Quite the reverse, in fact, and what's funny is, that's kind of what's difficult. On the whole, people here are generous, up-for-it. More than that, they seem weirdly prepared. They may be a little surprised by the set-up they've walked in to but they're happy for us to bring it on. Almost nobody shrinks away from the idea that they may be spoken directly to, and possibly asked to respond. They'll hold gaze, they'll accept the offer. In a way, I think the format of The Author is one that's very recognizable to people here: it describes a social logic with which they're already very comfortable. Without all the organizing signs of power and authority and prestige that blare out of a standard theatrical space, audiences in other places have felt adrift, exposed; here, a model of equality of access and participation is already running in the background. Essentially, everybody here is already the star of their own show, which they're perfoming in 24/7. From the old Latino guys who run the corner shop across the street from the apartments, to the young girl at the frozen yogurt counter, to the starchy middle-aged ladies waiting in the lobby for us after the show, everybody seems to feel at home with the idea that they have as much right to be heard as anybody else. When The Author appears to make that offer to them, not only do they not wig out, they barely blink or pause to take a breath. They're ready with their own story, their opinion, their wisecrack.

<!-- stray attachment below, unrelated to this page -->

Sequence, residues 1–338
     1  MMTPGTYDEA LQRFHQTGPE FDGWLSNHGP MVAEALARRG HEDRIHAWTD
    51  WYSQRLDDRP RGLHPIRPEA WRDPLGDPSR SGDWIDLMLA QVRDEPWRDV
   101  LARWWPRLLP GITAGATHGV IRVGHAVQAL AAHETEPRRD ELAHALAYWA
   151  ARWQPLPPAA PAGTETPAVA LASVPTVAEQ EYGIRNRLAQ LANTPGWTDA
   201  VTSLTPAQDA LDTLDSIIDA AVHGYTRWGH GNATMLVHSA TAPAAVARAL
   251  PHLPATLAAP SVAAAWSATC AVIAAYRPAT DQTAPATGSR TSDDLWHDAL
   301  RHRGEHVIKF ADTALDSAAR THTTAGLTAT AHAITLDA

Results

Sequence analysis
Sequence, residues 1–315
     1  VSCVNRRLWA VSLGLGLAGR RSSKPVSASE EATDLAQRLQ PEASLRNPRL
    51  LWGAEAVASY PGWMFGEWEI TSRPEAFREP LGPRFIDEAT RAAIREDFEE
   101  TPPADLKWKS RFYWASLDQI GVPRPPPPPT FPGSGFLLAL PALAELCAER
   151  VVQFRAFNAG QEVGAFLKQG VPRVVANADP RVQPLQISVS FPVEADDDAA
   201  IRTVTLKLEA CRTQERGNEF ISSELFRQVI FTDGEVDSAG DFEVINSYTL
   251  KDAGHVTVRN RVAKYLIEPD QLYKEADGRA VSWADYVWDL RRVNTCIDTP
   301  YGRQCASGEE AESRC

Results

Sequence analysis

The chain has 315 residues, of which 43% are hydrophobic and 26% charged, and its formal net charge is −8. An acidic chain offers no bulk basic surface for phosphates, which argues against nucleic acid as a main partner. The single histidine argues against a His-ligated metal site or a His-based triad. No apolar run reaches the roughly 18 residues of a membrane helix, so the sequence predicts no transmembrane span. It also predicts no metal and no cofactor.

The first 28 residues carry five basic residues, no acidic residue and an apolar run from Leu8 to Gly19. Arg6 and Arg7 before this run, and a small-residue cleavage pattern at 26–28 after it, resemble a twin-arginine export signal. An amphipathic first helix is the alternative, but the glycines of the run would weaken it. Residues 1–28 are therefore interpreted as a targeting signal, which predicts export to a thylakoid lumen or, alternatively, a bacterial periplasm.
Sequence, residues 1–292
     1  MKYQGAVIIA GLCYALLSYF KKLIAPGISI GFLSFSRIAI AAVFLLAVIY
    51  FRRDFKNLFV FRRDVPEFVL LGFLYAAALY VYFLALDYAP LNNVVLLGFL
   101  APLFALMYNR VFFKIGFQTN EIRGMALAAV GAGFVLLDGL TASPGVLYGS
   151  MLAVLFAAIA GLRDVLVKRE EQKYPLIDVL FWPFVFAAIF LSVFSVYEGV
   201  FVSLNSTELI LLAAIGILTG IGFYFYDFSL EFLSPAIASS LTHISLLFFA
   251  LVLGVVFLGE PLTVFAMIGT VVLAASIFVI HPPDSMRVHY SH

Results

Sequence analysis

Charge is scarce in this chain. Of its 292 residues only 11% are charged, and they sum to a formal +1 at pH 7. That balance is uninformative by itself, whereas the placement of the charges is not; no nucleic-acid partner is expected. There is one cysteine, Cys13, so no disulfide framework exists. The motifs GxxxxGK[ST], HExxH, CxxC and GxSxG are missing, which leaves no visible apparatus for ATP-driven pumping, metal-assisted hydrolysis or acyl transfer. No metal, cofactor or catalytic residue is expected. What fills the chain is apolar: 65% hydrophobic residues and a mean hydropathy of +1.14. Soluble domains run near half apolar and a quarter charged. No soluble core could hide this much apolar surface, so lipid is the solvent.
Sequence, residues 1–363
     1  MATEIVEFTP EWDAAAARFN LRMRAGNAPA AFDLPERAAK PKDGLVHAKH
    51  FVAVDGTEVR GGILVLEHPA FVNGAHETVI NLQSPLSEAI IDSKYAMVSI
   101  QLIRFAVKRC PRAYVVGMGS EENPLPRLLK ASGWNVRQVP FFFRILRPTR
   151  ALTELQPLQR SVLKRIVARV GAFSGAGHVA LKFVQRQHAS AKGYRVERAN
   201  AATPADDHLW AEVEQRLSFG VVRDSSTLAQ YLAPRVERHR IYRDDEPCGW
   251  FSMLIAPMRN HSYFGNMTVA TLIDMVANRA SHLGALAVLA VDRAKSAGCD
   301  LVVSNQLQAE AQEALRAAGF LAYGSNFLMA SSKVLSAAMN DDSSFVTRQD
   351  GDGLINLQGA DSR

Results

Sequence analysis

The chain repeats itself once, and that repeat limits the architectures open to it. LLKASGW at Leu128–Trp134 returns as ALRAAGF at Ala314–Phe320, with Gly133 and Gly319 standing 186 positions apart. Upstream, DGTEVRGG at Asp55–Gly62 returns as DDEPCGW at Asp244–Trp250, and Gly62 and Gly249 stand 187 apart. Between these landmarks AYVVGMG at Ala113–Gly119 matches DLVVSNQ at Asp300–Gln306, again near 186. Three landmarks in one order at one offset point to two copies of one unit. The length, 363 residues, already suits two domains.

None of this -- honestly, none of it -- is a bad or difficult thing in itself. It's kind of beautiful. It's exhausting sometimes, both in and out of the show, but there's something lovely about it, something admirable. What makes it difficult for us, I'd say, is not the audience's readiness to join in, but what happens to their receptive experience when reluctance or discomfort isn't a part of it. They may feel confusion, but they don't feel doubt. Their confusion is not disturbing to them and so it doesn't produce reticence: and I think doubt and disturbance and reticence are a crucial and significant -- I mean, signifying -- part of the conceptual world that this piece is trying to create for itself.